Defending champ eyes repeat in Fields Open
Sorenstam not allowing rift with Wie to interfere with game
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Stacy Prammanasudh and caddie-husband Pete Upton shared a poignant moment when first entering the grounds of the Ko Olina Resort.
Together they won last year's $1.3 million Fields Open in dramatic fashion. Married four years ago on Kauai, Upton gave up his day job to caddie for Prammanasudh full-time, something she enjoys as they prepare for today's opening round.
Paired with Annika Sorenstam -- who won her 70th tournament at last week's SBS Open -- the first two rounds, Prammanasudh hopes her local knowledge will mean something at the par-72 course. With the winds predicted to remain low, it could become a birdie fest, with whoever has the hot putter walking away with the win on Saturday.
"Oh yeah, definitely, especially going out in the morning," Prammanasudh said. "Fresh greens, no wind. I didn't play yesterday, but when I was out there on Monday they were pretty receptive -- shoot right at the flag. On this golf course, you have to make birdies."
As for having hubby on the bag, well, Prammanasudh likes his company. He does the heavy lifting, she does the math.
"I do a lot of it (the yardages) myself," Prammanasudh said. "It's more comfort out there, really, someone to talk to. I'm not a big talker on the golf course, but someone just to keep you loose. Basically, it's more fun traveling. You enjoy it more."
The defending champ will have her work cut out for her. Five of the top 10 players in the world and seven of the top 10 money-winners are in a field that also includes Michelle Wie, marking the fifth consecutive year she has begun her season in Hawaii.
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Annika Sorenstam, fresh off a victory at the SBS Open last week, is focused on making it two wins in a row, not on any issues she might have with Michelle Wie over an incident at last season's Ginn Tribute.
Annika Sorenstam has one sponsor's exemption left for the Ginn Tribute, an early summer event that was the focal point of a rift between Sorenstam and Michelle Wie last May.
Wie withdrew late in the opening round of this tournament that's hosted by Sorenstam -- citing weary wrists -- when it became apparent she might shoot 88 or worse, which would have left her off the LPGA Tour, by rule, for the remainder of 2007.
Battling neck and back injuries herself at the time, Sorenstam would have understood the withdrawal had Wie not been spotted hitting golf balls a few days later. It led to a sharp retort from Sorenstam, who wanted the sponsor's exemption to be used wisely.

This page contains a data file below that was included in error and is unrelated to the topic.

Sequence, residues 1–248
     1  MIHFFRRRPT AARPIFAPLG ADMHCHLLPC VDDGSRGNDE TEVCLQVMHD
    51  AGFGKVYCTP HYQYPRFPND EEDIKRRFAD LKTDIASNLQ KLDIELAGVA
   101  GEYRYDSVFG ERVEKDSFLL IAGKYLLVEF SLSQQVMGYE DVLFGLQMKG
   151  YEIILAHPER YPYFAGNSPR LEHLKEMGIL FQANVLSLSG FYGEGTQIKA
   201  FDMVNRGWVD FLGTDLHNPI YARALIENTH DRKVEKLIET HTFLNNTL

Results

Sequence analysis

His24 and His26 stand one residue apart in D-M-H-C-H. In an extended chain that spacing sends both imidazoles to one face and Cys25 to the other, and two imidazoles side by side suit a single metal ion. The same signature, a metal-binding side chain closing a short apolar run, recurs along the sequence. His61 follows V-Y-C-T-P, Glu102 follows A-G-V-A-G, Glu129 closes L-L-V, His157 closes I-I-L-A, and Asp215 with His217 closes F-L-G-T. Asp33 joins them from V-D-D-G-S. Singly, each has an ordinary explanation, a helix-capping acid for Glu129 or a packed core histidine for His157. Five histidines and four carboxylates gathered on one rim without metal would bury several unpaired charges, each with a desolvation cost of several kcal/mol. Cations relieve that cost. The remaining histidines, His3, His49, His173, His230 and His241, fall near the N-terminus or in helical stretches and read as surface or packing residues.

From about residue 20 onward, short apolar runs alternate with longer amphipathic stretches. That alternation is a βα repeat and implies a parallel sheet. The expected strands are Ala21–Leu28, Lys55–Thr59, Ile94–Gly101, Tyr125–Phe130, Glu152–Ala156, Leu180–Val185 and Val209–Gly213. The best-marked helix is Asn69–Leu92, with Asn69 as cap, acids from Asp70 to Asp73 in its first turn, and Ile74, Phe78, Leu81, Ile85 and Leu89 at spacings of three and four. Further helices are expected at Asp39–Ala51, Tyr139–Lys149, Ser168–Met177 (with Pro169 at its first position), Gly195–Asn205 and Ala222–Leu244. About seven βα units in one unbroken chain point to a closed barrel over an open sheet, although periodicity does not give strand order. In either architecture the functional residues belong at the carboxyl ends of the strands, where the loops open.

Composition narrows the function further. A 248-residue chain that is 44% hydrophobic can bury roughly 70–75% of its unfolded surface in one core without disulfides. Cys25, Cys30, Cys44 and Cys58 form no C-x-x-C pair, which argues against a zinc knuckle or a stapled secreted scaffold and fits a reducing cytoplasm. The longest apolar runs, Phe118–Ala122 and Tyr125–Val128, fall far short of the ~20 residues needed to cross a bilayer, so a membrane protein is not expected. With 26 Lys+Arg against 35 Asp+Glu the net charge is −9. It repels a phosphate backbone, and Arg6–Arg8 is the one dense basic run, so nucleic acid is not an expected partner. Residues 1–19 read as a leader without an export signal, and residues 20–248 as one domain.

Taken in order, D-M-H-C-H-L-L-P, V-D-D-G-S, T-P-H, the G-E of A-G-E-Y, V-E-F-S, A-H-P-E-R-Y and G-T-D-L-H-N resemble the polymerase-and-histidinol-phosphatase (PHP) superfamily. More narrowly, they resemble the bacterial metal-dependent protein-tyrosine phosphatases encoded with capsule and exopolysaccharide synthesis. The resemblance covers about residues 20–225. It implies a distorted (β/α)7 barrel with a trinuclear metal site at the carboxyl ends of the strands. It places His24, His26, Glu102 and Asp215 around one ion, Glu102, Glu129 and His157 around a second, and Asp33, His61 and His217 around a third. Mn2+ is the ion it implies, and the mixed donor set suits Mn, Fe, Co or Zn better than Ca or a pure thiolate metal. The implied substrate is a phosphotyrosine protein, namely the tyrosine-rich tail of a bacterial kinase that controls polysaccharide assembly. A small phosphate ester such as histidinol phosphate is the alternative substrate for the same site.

One of the two this year is going to the winner of a major college golf tournament held next month with six top-20 teams in it. The other is up for grabs as Sorenstam sorts through the applications. She didn't know if Wie had applied and said yesterday prior to today's opening round of the $1.3 million Fields Open at Ko Olina that last summer's incident is not something she thinks about.
"I haven't talked to her, so it's not about being smoothed out. I mean, I'm just minding my own business," Sorenstam said. "It's nothing I walk around thinking about. I mean she has her career, I have mine. That's how it kind of is. You know, I respect her as a golfer. I know she has a lot of talent and I wish her the best. It would be great to have her on our tour and play here."
Wie conceded Tuesday that her wrists aren't ship-shape, due to a bad fall and overuse that left her ready and able to escape to Stanford last fall. Sorenstam showed empathy for Wie's sore wrists, then knocked on wood after conceding her career had been relatively injury-free.
"I've been lucky that way," Sorenstam said. "I grew up in sports since I was this (holding her hand low to the ground as a measuring stick). I think you have to take care of yourself. Some people have problems with the back or like the wrists, it's unfortunate, but I do think, long-term for her, she needs to take care of her body first.
"That's what I keep telling Mike (McGee, her fiance), I can only push the body for so long and so hard because I don't want to have problems when I'm 50. Golf is important, it's a big part of my life, and you go as much as you can.
"You cannot have excuse all the time. Either you do it or you don't. I think the key is to move on and not think about it. I'm sure, in her mind, if it's not a hundred percent, when is it a factor? It's a bummer. It's no fun for anybody."
Annika subdued about No. 2
Annika Sorenstam didn't do a lap around the media room, high-fiving everyone after learning that she was the No. 2 player in the world.
Instead, she took it right in stride, citing last week's win at the SBS Open as a big step in her drive to be the best she can be once more. Whether she can catch Lorena Ochoa remains to be seen, but her immediate goals are well-defined.
"You know, I love it, I'm not complaining," Sorenstam said of the ranking released on Monday. She began the year ranked fourth.
"I'm not going to worry too much about it," the 37-year-old said. "My goal is to win the money list and win tournaments out here, and we'll see what happens."
Sorenstam is paired with defending champion Stacy Prammanasudh and Japanese favorite Ai Miyazato the first two days. Sorenstam played her final round with rookie Japanese star Momoko Ueda last Saturday at the SBS Open.
Paul Arnett, Star-Bulletin